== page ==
Third Party Online Ordering Systems for Restaurants; Friend or Foe

BY laura September 10 2018
Image of 3rd Party Online Ordering Systems
As an avid lover of working with restaurant owners, I’d like to discuss the many pros and cons of marketing your restaurant business via online booking platforms. These platforms include Talabat, Zomato, Food on Click, Deliveroo and Uber Eats. These are just some of the third party providers who partner with restaurants to provide them with online ordering, reservations to their restaurant or simply a directory listing service.

If you are a restaurant owner, undoubtedly, you have engaged with a few of these names on some level and you are likely to be paying either a monthly fee or commission as part of their revenue structure. They are a huge bolt onto your business and they can drive extra revenue for your brands, but are there pitfalls? In this article, I discuss the Pros, Cons and Sweet Spot in utilising these external brands. Without further ado, let’s jump into the Pros.

The Pros of a 3rd Party Online Ordering Booking System for Restaurants

1. Be Associated with a Household Name

The above are household names in the UAE, and it’s guaranteed you will be a member on at least one of these websites, have your own account or perhaps even have downloaded their associated apps. Be seen on there or miss out. If you are not on a third party website, it’s guaranteed your competitor will be. It really isn’t worth missing out on that extra exposure since they can afford to invest heavily in online & offline marketing campaigns.

2. Great Tools for Restaurant Start-Ups

online marketing restaurants

As a restaurant start-up with limited funds, leaning on third parties is a great option in order to boost your brand awareness. You may not be able to invest in a fully furnished online marketing strategy and online ordering website from the get-go. If this is the case; you can utilise their large databases and get involved with some targeted marketing campaigns. You’ll get your own directory page, essentially a holding page where you can place your contact details and food menus.

3. Strong Databases

Third parties will naturally have a strong database of thousands of users on their system that they can market to. They are likely to have a segmented e-mail marketing list so for example, if you are an Italian restaurant owner looking to email a promotion, they are likely to send a targeted message to customers who have ordered Italian food via their booking system. Users on their social media websites range in the thousands so by having a post on one of their accounts, your potential reach could be in the millions. There is some prestige being associated with a big name such as Zomato or Talabat, this credibility will assist when making the decision to purchase from you.

4. Keep Operational Costs Low

Deliveroo and others will have their own dedicated drivers to pick up your orders and send to the customer, so if you’re in the early stages and don’t yet have the funds to invest in your own drivers, then it can be a large initial asset to the business until you have developed your own dedicated fleet. Save on driver salaries, vehicles, visa’s and other employee-related costs, perfect if you’re initially looking to keep overheads low. Perhaps you’re venturing into the online food ordering space and want to experiment to see if this step is right for the brand. You could test to see if you are ready to implement from an operational sense and tweak your delivery processes as you go.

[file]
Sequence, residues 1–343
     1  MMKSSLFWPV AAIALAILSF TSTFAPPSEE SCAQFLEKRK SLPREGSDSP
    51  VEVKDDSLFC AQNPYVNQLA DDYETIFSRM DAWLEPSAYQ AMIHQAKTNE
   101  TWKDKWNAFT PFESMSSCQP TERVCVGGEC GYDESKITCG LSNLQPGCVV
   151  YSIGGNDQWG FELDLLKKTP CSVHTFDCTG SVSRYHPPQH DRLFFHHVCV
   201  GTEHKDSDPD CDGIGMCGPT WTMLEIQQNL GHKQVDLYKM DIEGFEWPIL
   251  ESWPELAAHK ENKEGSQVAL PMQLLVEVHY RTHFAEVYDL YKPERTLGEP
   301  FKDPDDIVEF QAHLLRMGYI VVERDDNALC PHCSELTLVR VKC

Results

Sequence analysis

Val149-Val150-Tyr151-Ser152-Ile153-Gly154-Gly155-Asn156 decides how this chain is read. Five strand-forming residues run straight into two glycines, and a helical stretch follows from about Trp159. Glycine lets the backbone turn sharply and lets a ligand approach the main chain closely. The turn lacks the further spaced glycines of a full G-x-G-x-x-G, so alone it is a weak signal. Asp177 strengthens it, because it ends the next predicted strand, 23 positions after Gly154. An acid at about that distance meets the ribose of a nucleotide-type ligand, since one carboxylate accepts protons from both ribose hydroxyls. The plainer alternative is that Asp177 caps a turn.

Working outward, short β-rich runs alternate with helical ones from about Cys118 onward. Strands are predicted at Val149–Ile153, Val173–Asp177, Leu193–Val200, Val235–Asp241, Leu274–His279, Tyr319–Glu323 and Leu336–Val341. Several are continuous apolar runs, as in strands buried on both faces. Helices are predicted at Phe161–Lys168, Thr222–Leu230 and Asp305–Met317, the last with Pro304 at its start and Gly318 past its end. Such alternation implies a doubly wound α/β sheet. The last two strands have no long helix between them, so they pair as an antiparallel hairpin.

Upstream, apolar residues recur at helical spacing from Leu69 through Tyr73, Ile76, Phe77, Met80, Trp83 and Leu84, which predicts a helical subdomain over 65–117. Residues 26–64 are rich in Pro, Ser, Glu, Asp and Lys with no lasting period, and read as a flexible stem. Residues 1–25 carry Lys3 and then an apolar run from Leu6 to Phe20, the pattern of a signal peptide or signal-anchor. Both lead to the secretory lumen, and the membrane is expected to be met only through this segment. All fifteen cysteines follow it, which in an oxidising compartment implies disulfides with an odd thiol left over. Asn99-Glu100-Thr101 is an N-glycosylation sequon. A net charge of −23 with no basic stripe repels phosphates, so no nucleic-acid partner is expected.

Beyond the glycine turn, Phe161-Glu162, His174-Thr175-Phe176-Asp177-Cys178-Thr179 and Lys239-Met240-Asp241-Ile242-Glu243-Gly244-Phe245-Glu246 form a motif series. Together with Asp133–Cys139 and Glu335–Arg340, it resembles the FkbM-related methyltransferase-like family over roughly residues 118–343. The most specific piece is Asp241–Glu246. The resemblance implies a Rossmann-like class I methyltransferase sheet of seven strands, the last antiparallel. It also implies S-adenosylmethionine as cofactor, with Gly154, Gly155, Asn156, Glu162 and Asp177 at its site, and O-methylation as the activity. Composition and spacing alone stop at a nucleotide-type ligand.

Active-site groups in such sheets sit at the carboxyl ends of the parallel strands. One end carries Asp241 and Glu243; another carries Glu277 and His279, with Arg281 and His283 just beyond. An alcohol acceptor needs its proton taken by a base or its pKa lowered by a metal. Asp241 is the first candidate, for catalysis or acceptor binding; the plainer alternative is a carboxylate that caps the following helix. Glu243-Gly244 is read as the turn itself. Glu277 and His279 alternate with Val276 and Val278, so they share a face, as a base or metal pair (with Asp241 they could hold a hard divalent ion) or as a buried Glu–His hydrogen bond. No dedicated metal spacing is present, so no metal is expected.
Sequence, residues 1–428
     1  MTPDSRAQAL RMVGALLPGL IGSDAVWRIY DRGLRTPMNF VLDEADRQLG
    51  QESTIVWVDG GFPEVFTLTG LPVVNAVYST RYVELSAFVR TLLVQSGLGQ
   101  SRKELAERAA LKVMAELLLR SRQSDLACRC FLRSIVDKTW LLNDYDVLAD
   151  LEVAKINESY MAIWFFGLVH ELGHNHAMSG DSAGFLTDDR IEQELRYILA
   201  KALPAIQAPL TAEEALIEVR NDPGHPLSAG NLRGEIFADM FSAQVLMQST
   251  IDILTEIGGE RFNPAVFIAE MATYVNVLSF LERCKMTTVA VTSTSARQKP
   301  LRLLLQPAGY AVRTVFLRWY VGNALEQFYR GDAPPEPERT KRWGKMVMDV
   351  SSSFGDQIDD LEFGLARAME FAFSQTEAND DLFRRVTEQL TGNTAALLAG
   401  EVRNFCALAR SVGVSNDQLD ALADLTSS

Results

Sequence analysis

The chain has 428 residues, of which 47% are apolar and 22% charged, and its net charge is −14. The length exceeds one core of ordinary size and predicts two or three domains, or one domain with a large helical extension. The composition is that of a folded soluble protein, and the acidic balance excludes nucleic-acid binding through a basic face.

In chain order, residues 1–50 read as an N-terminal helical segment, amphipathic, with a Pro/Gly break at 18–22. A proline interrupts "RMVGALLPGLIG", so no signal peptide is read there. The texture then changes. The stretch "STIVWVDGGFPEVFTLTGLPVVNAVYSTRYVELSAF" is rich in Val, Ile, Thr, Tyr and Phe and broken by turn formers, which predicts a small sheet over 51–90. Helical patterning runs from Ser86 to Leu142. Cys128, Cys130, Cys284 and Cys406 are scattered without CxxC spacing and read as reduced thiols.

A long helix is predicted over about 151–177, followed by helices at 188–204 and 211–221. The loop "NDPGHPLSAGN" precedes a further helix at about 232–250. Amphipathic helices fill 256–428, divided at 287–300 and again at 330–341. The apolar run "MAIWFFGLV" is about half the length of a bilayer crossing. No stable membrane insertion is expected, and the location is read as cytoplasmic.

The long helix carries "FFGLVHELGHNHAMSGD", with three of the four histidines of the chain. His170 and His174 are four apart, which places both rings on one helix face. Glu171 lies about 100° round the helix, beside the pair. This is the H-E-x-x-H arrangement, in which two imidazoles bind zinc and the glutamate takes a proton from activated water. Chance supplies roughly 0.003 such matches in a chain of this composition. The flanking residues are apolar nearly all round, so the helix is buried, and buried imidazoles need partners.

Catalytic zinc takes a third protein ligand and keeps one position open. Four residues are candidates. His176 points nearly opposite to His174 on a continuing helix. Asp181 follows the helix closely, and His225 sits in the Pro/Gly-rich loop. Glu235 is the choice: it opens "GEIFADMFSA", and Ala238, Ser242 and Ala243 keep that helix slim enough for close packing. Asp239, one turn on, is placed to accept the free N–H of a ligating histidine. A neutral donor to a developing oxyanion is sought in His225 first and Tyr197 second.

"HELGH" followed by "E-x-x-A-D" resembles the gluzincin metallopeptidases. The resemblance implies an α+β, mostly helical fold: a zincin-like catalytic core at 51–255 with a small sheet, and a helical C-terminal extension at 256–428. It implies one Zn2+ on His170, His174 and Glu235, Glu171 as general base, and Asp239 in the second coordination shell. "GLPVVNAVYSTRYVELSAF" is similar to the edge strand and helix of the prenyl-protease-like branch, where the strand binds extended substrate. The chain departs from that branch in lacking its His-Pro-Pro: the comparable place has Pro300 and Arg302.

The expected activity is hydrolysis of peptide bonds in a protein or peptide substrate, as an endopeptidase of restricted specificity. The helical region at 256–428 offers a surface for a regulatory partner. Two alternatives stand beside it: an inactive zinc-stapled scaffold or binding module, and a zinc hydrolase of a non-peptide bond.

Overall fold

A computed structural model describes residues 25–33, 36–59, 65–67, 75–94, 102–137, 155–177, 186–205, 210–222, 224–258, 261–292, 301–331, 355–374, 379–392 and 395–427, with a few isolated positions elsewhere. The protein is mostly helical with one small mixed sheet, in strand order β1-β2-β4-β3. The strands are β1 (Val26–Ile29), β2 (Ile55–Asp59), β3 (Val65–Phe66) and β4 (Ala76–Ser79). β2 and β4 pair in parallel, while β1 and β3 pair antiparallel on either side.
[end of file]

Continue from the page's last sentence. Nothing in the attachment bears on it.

5. Spread your Promotions

It’s easy to spread your discounts and promotions with third-party websites. They’ll have their own mechanisms and platform to help amplify your discount or deal. They are starting to hand pick brands who heighten their image and give them prestige when it comes to promoting discounts.

The Cons of a Third Party Online Ordering System for Restaurants

1. No Control Over Touchpoints

ordering system

Do you want an external partner to be in control of the customer experience? For example, if the Food on Click delivery guy is simply having a bad day, arrives late at your customer's door and poorly communicates: you will not have any control over the customer service script. The customer may automatically associate their “bad experience” with your brand, rather than Food On Click. You may have lost a potential lifetime customer without actually having engaged with them. Perhaps your mantra is to always deliver food within 45 minutes. If a third party fails to deliver that promise it will reflect badly on your entire brand. How will the food arrive? Will the packaging be strong? How will they relay feedback back to you?

Actionable: Check your Google Reviews for your Restaurant; did all of those reviews come 100% from your brand, or were they from customers using a third party?

2. Brand Inconsistency

In line with the above, when you are listed on their websites, you will simply be sitting neatly within a pre-designed template which will not be in line with your brand. You’ll be uniform alongside hundreds of other restaurants; your competitors and mentors.

The same goes for the marketing, you’ll sit within their own branded newsletters, social media posts and more. Would it bastardise your image if your logo clashed alongside theirs? What if you were placed next to a lower perceived brand in the market within a newsletter?

3. They can sabotage your own SEO!

What is the first search result that appears on Google for your restaurant name? If it is not your own website then this is a huge issue. Third parties often sabotage your brand keyword and place this in their own Google Ad campaigns. Depending on the relationship you have with them, ask them to remove this practice within the agreement phase. If your website is well-optimised for SEO, your website or at least your own Google advert should appear when you type in your brand name.

Actionable: Google your restaurant name NOW. Are you #1 for your own brand keyword?

4. Commission Based Structures / Monthly Fees